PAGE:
Grandma Sherry: My Inspiration- In Your Honor
My grandma Sherry was diagnosed with a rare disease associated with Parkinson's Disease called Lewy Body Dimentia about seven years ago. I am now 16 and able to begin realizing and understanding the impact and severity of the disease. I grew up living next door to my grandma and grandpa and so I spent a lot of time with them, and my grandma was like a second mother to me. She devoted her life to helping people, especially children, by becoming a preschool teacher and starting her own daycare and family resources business called The Learning Tree. My grandpa is her main caregiver, and although the disease has reached advanced stages he insists on keeping her at home. My grandma can no longer talk or walk or feed herself, she needs constant support and help from family and in home nurses, but we are so proud of her for keeping up the fight. She still manages to smile and laugh sometimes and those moments are what make it all worth it. I don't know if she can understand me when I tell her I love her and that I'm sorry but I tell her anyway. I know the cure may not come in her lifetime, but I want to keep looking for it in her honor even after she passes because I know how hard it is to see someone you love slip away at the hands of a disease like Parkinson's. I have hope that with new technology we will find a way.
Thank you for your support,
Amber Haugen (16, MN).
I am participating in Moving Day Twin Cities, a walk for Parkinson's, on May 3, 2014, benefiting the National Parkinson Foundation Minnesota.
The event will take place at Hilde Performance Center and Park and will be a fun-filled, family-friendly event for all ages and abilities. We will be able to enjoy a variety of movement activities yoga, dance, Pilates, Tai Chi, stretching and much more and celebrate the importance of movement in our lives.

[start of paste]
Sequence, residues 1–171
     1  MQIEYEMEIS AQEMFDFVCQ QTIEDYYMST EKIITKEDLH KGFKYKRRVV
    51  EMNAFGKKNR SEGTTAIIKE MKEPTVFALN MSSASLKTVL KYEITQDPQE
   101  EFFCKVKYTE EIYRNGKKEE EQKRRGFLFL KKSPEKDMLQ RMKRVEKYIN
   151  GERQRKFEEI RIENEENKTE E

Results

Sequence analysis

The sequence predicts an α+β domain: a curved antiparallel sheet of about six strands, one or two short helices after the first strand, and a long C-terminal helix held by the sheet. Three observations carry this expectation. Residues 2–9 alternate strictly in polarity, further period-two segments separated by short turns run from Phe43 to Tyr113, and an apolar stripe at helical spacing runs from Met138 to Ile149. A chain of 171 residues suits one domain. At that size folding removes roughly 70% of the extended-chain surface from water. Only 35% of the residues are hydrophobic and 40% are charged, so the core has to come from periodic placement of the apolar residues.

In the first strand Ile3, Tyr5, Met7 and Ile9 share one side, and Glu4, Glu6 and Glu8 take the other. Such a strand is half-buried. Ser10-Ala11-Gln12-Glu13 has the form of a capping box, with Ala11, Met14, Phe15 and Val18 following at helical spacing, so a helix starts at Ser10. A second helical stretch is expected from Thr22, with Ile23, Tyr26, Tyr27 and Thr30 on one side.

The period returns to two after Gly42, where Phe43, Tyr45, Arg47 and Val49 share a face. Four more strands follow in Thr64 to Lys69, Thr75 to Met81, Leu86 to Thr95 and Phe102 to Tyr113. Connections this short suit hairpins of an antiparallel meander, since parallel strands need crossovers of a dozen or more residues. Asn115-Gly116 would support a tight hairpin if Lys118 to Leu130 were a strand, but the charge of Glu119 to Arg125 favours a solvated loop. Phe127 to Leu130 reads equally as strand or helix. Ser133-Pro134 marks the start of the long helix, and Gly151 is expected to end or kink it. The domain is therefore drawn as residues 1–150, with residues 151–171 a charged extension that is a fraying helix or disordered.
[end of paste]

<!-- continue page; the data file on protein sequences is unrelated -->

Please consider being a part of my team or sponsoring me, and I encourage you to get your friends, family and coworkers involved.
Why Get Involved
The National Parkinson Foundation (NPF) continues to bring help and hope to the estimated one million people in the United States, four to six million worldwide, who are living with Parkinson’s disease. NPF is the only organization with a singular focus on improving the quality of care in Parkinson’s disease. NPF programs reach more than one million people a year through its network of 39 chapters, 43 Centers of Excellence and 900 support groups. Since 1982, NPF has funded more than $180 million in care, research and support services.
Thank you for helping me reach my fundraising goal to support the vital work of the National Parkinson Foundation.